It is written, “My house shall be a house of prayer,” but you have made it a den of robbers. Luke 19:46
One of the most memorable moments of holy week has to be when Jesus enters the temple and starts turning tables and driving out money-changers. Many people celebrate this as an overthrow of religious abuse. Many rejoice that Jesus gives what’s coming to the crooked, greedy religious authorities who have abused God’s house for monetary gain. All this is right and good, but neglects an important aspect of Christ’s rebuke. Christ’s primary concern is not for the physical temple and the ceremonies that surrounded it. Christ’s primary concern is the heart of the people, and specifically the failure at their mission. Christ was fully aware that His life, death, and resurrection would dramatically change the worship of His people. He also knew and had announced the destruction of the temple (Matthew 24:1-2). Jesus primary concern in overturning the tables was the view of God projected by the people who claimed His name.
Jesus quotes Isaiah 56 as He forcibly removes the money-changers and their tables. Most people don’t know the context of Jesus’s quote and therefore misunderstand the heart of Jesus’s gesture. Here are three points that helps us understand Jesus’s disgust with those in the temple that day:
A Heart for God’s Glory
The money-changers and the current religious system was first and foremost an affront to God’s glory. They were using the things of God for personal gain with no regard for how it made God look to true worshippers or those outside of the covenant people. This is what is referred to as blasphemy in the Old Testament. Jesus in quoting Isaiah and physically dealing with the blasphemers shows us how seriously Christ took the glory of God.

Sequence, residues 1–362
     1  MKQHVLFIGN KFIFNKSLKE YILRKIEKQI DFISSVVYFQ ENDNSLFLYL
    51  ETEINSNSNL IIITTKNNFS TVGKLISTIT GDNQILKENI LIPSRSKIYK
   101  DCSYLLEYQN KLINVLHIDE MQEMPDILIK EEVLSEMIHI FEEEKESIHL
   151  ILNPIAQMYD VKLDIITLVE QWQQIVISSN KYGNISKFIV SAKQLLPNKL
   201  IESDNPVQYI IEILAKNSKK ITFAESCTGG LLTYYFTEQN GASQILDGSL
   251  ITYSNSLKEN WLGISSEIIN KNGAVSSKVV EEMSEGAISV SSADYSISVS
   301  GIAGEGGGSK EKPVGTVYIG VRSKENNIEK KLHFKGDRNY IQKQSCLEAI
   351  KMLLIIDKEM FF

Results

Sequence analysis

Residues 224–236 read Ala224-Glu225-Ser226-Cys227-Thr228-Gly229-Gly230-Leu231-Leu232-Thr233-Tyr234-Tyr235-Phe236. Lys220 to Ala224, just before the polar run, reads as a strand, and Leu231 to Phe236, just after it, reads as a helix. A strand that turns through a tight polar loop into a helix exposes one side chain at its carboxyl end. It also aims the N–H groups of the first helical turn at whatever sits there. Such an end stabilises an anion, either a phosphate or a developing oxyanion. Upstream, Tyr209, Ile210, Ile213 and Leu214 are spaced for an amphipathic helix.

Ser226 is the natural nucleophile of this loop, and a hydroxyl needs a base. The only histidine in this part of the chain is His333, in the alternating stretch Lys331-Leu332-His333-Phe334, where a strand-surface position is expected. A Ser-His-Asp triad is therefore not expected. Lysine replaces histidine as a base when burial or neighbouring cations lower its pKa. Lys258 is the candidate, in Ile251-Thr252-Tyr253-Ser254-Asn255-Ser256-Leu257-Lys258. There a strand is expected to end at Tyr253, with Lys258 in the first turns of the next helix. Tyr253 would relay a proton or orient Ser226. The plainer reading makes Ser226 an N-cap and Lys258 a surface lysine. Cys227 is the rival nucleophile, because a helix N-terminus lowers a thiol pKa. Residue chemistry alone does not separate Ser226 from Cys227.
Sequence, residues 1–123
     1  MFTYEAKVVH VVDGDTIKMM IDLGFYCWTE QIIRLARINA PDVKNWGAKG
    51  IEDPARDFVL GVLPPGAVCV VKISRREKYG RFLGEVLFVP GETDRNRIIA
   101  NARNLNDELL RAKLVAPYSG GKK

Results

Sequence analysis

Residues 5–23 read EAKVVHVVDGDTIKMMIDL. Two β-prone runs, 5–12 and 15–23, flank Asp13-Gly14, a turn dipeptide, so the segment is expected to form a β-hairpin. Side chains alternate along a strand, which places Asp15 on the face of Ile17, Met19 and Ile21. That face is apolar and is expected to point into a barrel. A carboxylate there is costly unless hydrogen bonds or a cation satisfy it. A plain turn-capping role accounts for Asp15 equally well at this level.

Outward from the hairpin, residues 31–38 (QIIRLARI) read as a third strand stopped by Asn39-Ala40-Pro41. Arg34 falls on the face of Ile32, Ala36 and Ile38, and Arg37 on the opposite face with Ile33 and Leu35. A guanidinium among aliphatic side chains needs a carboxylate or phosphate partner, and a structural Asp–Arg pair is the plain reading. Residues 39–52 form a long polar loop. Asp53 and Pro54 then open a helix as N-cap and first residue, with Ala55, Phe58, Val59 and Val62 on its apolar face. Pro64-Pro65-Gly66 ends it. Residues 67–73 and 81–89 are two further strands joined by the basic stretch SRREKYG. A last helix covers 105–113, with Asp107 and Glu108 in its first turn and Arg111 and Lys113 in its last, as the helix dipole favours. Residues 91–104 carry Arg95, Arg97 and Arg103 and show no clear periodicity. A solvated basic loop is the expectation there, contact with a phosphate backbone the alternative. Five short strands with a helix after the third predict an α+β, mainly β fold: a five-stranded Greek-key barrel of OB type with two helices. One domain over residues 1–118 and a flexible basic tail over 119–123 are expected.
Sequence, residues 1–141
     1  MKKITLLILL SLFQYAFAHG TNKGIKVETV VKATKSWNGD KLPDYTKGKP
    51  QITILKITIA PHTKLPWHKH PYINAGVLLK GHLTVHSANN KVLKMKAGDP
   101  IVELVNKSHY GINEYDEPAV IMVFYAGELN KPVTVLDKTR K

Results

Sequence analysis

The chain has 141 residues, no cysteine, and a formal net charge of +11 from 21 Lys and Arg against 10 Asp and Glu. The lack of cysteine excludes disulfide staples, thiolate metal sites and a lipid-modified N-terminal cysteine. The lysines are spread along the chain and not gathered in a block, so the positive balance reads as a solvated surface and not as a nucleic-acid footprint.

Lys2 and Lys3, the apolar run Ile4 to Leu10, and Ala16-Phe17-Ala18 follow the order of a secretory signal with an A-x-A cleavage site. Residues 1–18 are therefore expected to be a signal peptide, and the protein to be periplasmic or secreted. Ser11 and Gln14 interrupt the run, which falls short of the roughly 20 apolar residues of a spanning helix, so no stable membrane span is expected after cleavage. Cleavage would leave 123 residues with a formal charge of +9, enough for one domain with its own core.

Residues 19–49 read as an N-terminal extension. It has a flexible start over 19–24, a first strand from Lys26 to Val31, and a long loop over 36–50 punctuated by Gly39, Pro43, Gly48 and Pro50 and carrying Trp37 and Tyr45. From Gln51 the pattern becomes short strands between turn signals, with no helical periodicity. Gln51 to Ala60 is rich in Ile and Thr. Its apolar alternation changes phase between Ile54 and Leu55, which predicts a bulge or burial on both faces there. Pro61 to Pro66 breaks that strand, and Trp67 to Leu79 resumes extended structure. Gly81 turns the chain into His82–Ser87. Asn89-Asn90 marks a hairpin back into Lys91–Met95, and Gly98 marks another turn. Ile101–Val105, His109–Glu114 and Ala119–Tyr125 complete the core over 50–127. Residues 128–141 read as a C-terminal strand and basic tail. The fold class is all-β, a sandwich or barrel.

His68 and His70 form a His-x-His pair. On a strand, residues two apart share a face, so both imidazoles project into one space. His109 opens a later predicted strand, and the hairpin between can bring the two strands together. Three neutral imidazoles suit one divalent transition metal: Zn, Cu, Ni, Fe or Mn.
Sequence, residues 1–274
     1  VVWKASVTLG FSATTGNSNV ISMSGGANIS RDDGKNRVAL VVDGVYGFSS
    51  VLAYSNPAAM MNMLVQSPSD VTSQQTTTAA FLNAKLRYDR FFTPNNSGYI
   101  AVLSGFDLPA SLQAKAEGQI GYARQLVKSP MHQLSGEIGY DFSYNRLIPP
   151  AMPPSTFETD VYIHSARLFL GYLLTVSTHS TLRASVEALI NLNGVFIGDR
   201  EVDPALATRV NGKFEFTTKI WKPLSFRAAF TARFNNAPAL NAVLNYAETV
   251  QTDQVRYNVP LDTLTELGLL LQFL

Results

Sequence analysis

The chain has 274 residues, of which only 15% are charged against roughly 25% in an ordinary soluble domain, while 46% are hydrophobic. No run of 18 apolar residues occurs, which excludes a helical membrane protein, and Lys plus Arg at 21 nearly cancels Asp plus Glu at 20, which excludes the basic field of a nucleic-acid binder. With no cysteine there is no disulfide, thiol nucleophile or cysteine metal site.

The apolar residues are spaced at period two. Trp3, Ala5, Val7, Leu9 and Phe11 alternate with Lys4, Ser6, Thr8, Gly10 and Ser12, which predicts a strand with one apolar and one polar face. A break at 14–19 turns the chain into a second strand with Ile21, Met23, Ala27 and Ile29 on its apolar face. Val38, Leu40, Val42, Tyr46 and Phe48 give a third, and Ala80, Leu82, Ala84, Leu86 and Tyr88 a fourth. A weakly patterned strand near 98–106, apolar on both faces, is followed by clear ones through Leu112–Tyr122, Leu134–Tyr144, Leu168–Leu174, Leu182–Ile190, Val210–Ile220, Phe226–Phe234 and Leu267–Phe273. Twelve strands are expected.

A Heart for the Nations
The nation of Israel, as the covenant people of God under the Law, were supposed to missionally engage the nations first and foremost by being obedient to God’s Law. The obedience and justice that was to be represented in the nation of Israel was intended to reach other nations who would then be drawn to the God of Israel by His work through His people as they obeyed His Law. Israel’s history is littered with failures in following His Law leading to God’s judgment. Whenever God’s people blasphemed His name to the nations, God often responded with wrath that caused the nations to fear Him despite the failure of His people. Jesus in dealing with the money-changers not only addresses blasphemous disobedience of His people but also reveals the Father’s heart in wanting to draw the nations into worship through His people.
A Heart for His People
Christ, in His unique way, also condemns the leaders of Israel for their allowance of such blasphemous practices. This condemnation reveals God’s heart for those who would truly desire to worship Him. There are many times in the Scriptures that we see men abusing leadership among God’s people. Men who would lead people away from true and right worship of God into something that was more profitable for them personally. God is seen throughout the Scriptures to have great care and compassion for those who are preyed upon by societal leaders. Christ shows great concern for those afflicted by the leaders who would not only allow but encourage such practices in God’s house.
Christ’s life is an example that we are to follow. Just like in our previous reflection, we must look to Christ and be ready to stand where He stands. Many of us are so caught up in the distractions of our world that we do not often notice when God’s glory is blasphemed, when the nations are neglected by our disobedience, or when people are disregarded for the sake of convenience or tradition. May this story constantly remind us of our call to obedience, compassion, and especially concern for the glory of God for the sake of His people and the nations.